Joiner and Burfict both have the skills of a player that could have been drafted, if not for their pasts and the undrafted free agent basis is the smart route to take with them. Plus, Joiner convinced the team that he has changed from the person he was who committed the crime nearly five years ago. He has been doing active community service and it's likely that his sentence will be reduced because of it. The only thing I take issue with in this scenario is the Bengals standing by Joiner after his sentencing. At that point, they should have moved on.
Free agency has been a different story for the Bengals, however. In the same time frame (2009-present), the Bengals have brought in a number of players on "one-year prove it contracts", including Tank Johnson, Cedric Benson, Adam Jones, and Larry Johnson. Of these players, only Benson has served a one-game suspension while with the club and all contributed in some fashion. In 2009, Benson put up a near-Pro Bowl season helping to lead the team to the division title. Larry Johnson spelled Benson for a couple of games because he was nursing an injury, and he put up a 100-yard game against the Browns. Tank Johnson also helped the Bengals defense climb to a top-five ranking that year and never had a legal run-in. Furthermore, only Jones remains with the club and has been a model teammate with only one minor run-in with the law.
Furthering the perception that Marvin Lewis has wrestled control of the club's direction from Mike Brown, the team declined to re-sign troubled wide receiver Jerome Simpson after his marijuana charge. There's also evidence in that with the club eschewing to draft obvious troublemakers in Ryan Mallett and Janoris Jenkins, whom many thought would end up in stripes. Thankfully, the Bengals went with the more sensible choices in Andy Dalton and Dre Kirkpatrick for the betterment of the team. Yet, those tidbits aren't mentioned. It's the fact that the team brought in two controversial rookie free agents that everybody seems to focus on.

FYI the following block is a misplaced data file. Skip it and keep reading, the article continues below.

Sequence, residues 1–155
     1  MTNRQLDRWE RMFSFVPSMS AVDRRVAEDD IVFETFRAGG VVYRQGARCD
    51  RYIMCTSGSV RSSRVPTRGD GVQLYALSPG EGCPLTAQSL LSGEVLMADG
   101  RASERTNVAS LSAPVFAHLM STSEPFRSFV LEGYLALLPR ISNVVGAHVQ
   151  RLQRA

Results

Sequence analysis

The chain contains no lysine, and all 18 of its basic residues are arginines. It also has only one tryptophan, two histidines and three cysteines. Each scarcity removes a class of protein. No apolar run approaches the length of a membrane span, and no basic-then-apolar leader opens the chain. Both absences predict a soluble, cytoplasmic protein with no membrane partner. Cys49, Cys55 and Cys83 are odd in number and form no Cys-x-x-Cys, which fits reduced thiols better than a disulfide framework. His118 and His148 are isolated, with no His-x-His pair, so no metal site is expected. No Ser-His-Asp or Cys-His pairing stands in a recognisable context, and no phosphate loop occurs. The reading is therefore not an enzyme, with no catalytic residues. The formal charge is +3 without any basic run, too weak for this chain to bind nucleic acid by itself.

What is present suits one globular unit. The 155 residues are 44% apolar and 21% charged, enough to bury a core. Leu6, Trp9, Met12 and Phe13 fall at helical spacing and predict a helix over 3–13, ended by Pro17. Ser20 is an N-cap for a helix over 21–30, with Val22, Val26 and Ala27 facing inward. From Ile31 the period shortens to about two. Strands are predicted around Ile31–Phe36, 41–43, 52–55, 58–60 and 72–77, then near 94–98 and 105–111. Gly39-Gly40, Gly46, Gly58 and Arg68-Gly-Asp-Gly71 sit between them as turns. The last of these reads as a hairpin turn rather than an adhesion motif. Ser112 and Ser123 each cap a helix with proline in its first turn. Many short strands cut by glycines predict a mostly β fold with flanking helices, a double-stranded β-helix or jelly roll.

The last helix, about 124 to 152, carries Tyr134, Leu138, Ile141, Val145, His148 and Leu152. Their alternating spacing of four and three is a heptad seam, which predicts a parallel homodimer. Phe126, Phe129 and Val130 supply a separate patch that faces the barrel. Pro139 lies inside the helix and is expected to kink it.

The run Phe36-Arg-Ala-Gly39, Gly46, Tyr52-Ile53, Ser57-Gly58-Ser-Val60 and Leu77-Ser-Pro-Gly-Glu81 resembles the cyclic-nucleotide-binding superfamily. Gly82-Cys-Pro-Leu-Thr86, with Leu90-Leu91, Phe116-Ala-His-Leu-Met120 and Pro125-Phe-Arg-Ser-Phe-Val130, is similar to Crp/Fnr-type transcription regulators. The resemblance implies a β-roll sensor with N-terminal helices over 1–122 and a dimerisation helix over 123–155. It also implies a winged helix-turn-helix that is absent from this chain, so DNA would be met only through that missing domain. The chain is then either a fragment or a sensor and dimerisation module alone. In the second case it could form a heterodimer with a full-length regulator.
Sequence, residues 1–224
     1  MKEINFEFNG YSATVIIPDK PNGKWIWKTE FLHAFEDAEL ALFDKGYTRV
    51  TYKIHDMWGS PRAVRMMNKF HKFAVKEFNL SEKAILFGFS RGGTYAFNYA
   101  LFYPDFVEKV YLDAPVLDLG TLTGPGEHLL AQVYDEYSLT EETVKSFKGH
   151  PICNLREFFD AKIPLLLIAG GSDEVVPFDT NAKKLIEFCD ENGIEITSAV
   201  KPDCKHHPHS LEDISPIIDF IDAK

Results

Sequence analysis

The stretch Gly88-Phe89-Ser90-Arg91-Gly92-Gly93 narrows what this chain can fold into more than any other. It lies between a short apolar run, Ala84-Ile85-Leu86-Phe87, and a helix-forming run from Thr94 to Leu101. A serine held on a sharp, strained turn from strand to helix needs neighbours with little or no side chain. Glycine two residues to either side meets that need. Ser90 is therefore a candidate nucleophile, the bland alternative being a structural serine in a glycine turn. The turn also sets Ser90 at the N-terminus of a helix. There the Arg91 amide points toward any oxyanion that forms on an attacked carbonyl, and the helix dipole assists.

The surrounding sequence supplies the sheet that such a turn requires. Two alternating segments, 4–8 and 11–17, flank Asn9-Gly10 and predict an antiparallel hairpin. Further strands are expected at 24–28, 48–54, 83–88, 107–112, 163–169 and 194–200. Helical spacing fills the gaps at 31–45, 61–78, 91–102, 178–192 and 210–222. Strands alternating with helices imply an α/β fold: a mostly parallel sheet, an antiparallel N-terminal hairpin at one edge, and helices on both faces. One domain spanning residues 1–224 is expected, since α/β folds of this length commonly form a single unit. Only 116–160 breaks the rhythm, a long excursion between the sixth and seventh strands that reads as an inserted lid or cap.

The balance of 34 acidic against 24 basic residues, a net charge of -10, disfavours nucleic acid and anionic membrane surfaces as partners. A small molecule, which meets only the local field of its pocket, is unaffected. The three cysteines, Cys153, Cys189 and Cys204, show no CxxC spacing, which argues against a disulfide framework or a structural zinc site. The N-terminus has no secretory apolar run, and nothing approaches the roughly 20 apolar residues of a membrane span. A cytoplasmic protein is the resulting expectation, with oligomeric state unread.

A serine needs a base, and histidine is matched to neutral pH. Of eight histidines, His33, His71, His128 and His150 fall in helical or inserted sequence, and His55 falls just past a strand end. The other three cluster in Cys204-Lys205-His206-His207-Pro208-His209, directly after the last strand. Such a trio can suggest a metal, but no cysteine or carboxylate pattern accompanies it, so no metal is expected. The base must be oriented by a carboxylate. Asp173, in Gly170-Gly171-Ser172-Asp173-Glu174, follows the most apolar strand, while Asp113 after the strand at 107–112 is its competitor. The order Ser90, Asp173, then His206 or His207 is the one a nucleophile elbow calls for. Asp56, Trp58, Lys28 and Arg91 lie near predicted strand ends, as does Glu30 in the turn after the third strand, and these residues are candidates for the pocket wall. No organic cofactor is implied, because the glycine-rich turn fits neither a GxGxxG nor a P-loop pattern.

What's more, the Bengals aren't even recent leaders in arrests. Our own Josh Kirkendall tweeted an interesting bot of information earlier:
Lions (4), 49ers (2), Seahawks (2). Bengals only have one (Simpson).
It's easy to revert to revisionist history and point to the Bengals with the tired "of course their uniforms are orange and black because so are prison jumpsuits!" shtick. The reality is that it really isn't an accurate assessment of today's squad. They've shied away from using recent high draft picks on questionable characters and should be commended for it. The 2005-2008 Bengals were a punchline for arrests and were lumped into the 1986 New York Mets category--and deservedly so. This squad over the past few years isn't even close to having the same type of issues and making them guilty by association is an ignorant act.
Every team in the NFL has malcontents and/or players with a violent and checkered past of some degree. The Baltimore Ravens have added some in the past couple of years with Courtney Upshaw and Jimmy Smith, and those are additions to a roster that has a man (Ray Lewis) who was tried as an accomplice to murder years ago, fortunately for him and the Ravens, he was acquitted of the charge. Yet, nobody seems to classify the Ravens with the Bengals even though they sought out and hung onto these types of players. It seems that there is a double-standard.
Perhaps we should all see the facts and look at this more objectively. We might be better served to view the Bengals in the same way that they viewed some of these troubled players and give them a second chance to redeem their image. They've done a pretty good job of it in the last couple of years.